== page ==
As I have written elsewhere:
‘The bank had been involved with Storm since 1994, but the transformed Storm was evidently viewed within the bank as a profit bonanza. The CBA fuelled Storm’s fantasy – home loans, margin loans through subsidiary Colonial Geared Investments, and ‘wealth management’ of the loans into index funds through Colonial First State. … The CBA’s desktop ‘VAS’ remote valuation system, introduced in March 2008, gave increasingly generous valuations of client property [albeit vigorously denied by the bank], readily leveraged into a higher margin loan and more fees for Storm. The CBA extended Storm clients’ loan to valuation ratio to an unprecedented 80% plus 10% ‘buffer’, and a unique office outlet was established in Townsville to service Storm business. The Colonial arms even paid for a ‘gala ball’ in Italy in 2008 for the smooching of clients. Such was the success that the CBA yearly raised sales targets of the Storm-servicing cell, including for 2008-09.’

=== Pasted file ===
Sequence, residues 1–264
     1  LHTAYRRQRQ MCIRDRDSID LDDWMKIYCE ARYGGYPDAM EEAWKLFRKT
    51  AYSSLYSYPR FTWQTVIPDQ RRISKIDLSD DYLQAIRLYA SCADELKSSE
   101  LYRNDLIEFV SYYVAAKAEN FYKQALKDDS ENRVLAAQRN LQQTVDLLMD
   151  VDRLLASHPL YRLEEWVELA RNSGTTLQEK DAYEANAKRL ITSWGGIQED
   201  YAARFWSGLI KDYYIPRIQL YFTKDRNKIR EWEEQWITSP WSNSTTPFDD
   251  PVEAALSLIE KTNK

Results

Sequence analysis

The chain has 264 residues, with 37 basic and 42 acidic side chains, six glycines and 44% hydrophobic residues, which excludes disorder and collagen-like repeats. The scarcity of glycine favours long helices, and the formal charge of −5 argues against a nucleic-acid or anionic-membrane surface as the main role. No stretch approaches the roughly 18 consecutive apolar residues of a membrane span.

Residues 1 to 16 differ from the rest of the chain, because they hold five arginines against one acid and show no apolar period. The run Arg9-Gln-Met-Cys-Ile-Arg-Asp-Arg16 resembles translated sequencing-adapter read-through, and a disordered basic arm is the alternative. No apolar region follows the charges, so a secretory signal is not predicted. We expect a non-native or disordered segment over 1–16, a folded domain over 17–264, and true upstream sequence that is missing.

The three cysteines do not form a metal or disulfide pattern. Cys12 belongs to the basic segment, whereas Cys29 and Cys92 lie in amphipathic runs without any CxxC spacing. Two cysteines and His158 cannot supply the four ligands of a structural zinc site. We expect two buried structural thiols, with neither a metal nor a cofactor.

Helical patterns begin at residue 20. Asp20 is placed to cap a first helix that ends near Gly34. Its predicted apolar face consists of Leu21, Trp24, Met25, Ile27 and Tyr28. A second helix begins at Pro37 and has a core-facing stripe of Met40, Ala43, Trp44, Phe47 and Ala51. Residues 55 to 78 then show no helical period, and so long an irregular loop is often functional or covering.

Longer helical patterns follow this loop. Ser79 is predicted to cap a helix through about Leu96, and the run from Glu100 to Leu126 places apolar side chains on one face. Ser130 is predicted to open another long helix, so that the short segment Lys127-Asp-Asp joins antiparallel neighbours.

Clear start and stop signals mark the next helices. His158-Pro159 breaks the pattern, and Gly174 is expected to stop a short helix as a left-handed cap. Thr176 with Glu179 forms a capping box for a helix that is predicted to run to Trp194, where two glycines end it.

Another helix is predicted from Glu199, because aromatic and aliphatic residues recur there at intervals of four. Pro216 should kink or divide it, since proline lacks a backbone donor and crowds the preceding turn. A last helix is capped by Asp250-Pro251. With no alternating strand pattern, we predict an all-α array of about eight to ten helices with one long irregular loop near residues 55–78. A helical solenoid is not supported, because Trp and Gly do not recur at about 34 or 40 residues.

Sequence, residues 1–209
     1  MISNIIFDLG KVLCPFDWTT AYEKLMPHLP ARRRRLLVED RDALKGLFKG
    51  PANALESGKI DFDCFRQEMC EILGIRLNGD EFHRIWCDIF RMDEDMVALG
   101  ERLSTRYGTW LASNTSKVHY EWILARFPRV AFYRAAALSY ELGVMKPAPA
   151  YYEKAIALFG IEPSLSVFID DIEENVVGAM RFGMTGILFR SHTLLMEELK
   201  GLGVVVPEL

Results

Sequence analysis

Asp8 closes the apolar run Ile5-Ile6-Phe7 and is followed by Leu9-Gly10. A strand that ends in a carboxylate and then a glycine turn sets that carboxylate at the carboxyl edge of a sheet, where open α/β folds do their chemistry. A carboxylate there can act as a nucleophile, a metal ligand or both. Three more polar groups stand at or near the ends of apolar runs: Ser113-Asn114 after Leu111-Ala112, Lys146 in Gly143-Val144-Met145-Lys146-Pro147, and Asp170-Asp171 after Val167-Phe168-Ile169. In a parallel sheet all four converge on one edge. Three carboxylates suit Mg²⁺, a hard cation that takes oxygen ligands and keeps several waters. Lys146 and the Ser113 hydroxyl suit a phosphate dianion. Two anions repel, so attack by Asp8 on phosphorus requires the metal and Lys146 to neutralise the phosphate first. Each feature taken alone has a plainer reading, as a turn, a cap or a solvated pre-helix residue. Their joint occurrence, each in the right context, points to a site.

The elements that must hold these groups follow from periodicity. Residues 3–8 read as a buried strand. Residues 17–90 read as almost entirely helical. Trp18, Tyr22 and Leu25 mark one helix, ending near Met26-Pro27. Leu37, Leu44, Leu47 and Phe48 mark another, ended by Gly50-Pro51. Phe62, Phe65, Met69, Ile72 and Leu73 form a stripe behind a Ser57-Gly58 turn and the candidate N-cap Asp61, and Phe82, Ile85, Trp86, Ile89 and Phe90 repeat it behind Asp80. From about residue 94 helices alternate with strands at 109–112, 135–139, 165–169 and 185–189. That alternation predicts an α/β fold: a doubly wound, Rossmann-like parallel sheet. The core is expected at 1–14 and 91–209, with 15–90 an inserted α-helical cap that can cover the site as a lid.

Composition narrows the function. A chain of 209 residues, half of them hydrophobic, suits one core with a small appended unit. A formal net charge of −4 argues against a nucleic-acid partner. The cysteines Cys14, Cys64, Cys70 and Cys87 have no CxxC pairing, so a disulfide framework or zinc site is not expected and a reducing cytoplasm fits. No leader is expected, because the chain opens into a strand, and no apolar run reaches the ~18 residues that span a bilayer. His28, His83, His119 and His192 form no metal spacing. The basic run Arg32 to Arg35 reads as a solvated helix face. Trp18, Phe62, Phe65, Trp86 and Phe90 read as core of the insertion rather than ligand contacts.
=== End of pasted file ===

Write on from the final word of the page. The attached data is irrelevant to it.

The CBA effectively defaulted the whole Storm apparatus in late 2008 (Storm went into administration on 9 January 2009). It sold many Storm clients’ portfolios without them receiving a margin call (the haggle over who was responsible for the margin calls is an irrelevant diversion). It unilaterally dropped the loan to valuation ratio on Storm loans from 80% to 70% in early December, triggering margin calls to clean out any remaining Storm clients. On 10 December the bank unilaterally shut down all Storm-badged products. Yet, as late as 29 October, the bank lent Storm a further $10.165 million to pay out a debt to Macquarie Bank and ‘provide funding for further acquisitions’ (Ripoll Storm Report, p.200). As the dominant lender, the CBA was ultimately in control of the whole Storm apparatus, indifferent to (benefiting from?) the loose cannon that was the Storm’s modus operandi.
The CBA has (atypically) acknowledged some culpability regarding its involvement, which has performed valuable service in quelling any potential political hostility.